Twice As Interesting: Golden Record
By Leonardo Yana-Romero and David Chung
What is a Golden Record?
As one may interpret from the title, the golden record is a phonograph record just like the ones used to play music. But this golden record isn’t exactly like most records. This record, built by NASA, contains various information about Earth and humans. The Voyager golden record is intended to be used if extraterrestrial beings come in contact with any of the Voyager probes.
What does the Golden Record look like?
On the cover of the record, there’s a diagram showing the location of our sun in comparison to other stars, with different tick marks representing different distances. It also shows instructions on how to play the record and to see if it’s being played correctly. The last thing on the cover is a small diagram, depicting two hydrogen atoms. The visualization of the atoms also depicts the opposite spins of the subatomic particles, an example of our knowledge in science.
History of outer space communication
Over the course of the twentieth century, we have broadcasted multiple messages and radio signals into space. But the very first, and one of the most powerful signals, was transmissioned back in 1974. The signal emitted from Puerto Rico was equivalent to a 20 million watt broadcast and has been named the Arecibo Message. The message consisted of a 1679 bit pixelated image, with a few images like the solar system, a human, the structure of DNA, and some biochemicals of Earth’s life, which are encoded in binary. This message is set to reach the star Messier 13 by the year 26974.
Outer space communication in the near future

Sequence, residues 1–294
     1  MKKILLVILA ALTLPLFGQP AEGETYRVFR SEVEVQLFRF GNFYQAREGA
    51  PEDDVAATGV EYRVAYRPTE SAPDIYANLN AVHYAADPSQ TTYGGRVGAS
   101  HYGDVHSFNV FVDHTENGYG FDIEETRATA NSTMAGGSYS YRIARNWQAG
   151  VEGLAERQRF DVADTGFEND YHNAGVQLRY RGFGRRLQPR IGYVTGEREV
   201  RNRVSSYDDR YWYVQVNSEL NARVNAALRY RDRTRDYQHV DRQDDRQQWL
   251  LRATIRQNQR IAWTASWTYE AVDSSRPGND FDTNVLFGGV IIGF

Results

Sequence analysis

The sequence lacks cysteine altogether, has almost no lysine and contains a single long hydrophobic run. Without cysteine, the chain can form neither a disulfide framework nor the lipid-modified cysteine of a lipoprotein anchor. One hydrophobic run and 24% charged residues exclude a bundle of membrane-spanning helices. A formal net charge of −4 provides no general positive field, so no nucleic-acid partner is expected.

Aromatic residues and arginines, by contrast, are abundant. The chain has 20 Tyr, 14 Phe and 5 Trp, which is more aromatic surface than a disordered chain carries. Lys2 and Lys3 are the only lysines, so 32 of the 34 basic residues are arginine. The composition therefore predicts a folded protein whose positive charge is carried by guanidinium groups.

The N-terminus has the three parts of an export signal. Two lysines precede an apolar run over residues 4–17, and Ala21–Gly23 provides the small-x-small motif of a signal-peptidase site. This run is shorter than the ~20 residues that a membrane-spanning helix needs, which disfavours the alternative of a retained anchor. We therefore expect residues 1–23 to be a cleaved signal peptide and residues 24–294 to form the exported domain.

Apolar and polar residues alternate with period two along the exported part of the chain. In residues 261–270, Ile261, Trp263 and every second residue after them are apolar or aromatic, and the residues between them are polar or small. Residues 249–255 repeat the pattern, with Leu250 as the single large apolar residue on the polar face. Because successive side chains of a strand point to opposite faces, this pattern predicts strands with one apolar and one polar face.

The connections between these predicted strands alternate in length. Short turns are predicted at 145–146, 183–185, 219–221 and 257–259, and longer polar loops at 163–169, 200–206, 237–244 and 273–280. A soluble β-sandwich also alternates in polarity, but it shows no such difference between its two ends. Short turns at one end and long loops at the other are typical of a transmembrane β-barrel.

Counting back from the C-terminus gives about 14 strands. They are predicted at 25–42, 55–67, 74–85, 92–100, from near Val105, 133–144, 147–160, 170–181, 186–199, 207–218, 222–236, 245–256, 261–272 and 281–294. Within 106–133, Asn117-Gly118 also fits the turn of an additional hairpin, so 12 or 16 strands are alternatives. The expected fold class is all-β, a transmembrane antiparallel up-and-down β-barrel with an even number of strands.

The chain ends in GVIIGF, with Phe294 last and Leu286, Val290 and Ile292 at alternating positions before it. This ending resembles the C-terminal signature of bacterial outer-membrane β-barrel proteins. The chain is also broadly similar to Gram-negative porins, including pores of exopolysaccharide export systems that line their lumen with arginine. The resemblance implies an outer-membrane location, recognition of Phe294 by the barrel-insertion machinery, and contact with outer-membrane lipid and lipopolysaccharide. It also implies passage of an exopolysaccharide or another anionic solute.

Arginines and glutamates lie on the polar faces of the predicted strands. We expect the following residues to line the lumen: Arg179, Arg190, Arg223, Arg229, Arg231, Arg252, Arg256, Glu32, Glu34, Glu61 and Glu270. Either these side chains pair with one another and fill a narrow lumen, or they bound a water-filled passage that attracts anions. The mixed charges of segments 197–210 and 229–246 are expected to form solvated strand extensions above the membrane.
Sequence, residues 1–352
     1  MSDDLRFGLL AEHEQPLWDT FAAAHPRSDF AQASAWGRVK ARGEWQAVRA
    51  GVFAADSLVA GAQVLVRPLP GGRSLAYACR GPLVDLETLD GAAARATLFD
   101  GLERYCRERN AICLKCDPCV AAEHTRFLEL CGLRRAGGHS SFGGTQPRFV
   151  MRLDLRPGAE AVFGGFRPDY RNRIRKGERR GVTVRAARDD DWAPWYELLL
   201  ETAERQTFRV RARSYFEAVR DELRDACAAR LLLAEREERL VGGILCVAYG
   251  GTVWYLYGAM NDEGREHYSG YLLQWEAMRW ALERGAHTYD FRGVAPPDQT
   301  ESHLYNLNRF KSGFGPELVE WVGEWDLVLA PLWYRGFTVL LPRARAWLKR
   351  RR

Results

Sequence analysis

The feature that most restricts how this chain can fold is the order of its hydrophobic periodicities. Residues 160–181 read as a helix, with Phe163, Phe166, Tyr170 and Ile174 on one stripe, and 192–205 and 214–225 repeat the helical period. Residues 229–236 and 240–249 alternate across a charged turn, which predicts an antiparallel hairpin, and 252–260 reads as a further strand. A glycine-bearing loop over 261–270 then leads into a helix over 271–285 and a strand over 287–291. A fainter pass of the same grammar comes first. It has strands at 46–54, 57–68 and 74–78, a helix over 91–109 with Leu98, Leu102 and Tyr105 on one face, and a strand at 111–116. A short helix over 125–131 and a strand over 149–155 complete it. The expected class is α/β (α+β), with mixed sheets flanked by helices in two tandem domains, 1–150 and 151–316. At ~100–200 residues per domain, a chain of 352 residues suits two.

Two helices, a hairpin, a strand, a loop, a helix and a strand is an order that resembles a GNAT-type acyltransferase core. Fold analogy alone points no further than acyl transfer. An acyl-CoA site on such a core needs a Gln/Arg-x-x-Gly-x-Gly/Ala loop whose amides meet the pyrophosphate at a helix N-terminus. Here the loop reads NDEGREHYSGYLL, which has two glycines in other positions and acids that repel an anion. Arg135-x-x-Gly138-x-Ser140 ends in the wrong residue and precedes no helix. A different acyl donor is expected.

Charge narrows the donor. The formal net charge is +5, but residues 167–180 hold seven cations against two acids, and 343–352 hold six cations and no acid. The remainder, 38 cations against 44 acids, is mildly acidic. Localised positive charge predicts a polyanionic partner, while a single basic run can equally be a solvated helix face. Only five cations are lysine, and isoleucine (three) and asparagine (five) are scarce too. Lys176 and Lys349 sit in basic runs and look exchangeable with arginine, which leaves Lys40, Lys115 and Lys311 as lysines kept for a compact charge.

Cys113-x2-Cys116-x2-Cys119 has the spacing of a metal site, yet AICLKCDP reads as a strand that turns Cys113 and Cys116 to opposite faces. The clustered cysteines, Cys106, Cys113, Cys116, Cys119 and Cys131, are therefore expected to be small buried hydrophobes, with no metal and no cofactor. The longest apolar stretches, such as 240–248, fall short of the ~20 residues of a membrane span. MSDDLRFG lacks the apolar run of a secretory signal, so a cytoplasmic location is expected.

We most likely won’t be alive to hear that the Arecibo Message has reached Messier 13, but many other messages have been broadcasted into space, such as “A Message from Earth” and “A Hello From Earth,” which are planned to reach the star Gliese 581 by 2029 and 2030, two years we’re all more likely to live to. The organization SETI, which stands for Search for Extraterrestrial Intelligence, has been broadcasting these messages and more that can be easily found on the Internet.
Human culture in space
Another signal we’ve sent into space was a copy of the 2008 remake of “The Day the Earth Stood Still” towards Alpha Centauri, a star that’s about 4.367 light years away. It sounds great that we may be introducing aliens to human entertainment, but only until you realize that “The Day the Earth Stood Still” is about an alien that comes to Earth to reclaim it and us trying to destroy it.
Contents of the Golden Record
The Voyager probes are the most notable probes we’ve sent into space. Both probes, creatively named Voyager 1 and Voyager 2, were packed with the golden record containing the photos, music, and greetings in various languages that NASA decided were best to put on there. By the way, you won’t find The Beatles, Elvis Presley, Charlie Parker, or Tony Bennett on this record. What is included on the golden record is Louis Armstrong, with his song “Melancholy Blues from 1927.” Another interesting thing that was put on the Voyager 1 probe was a letter from former president Jimmy Carter. The letter talked about the date when the probes were built and by whom. An excerpt from the letter reads, “This is a present from a distant world, a token of our sounds, our science, our images, our music, our thoughts and our feelings. We are attempting to survive our time so we may live into yours.”
Future of extraterrestrial communication
Whether we live long enough to see aliens or hear of alien contact, communication is still debatable. You can say that we have been born into a time where extraterrestrial communication will be within one human life time, or you can say that with the immense size of space, it will take centuries, or millenia in order for any of the messages we’ve sent to be received. But one thing is certain. As time will go on, our technology and understanding of space will allow us to have better chances in contacting extraterrestrial life. We may have trouble with how we will negotiate with said aliens, but at some point, if humans are still alive and we come in contact, we may establish or join an intergalactic neighborhood. And these messages, including the Voyager golden record, may be the signals that will cause us to receive a message from another galaxy.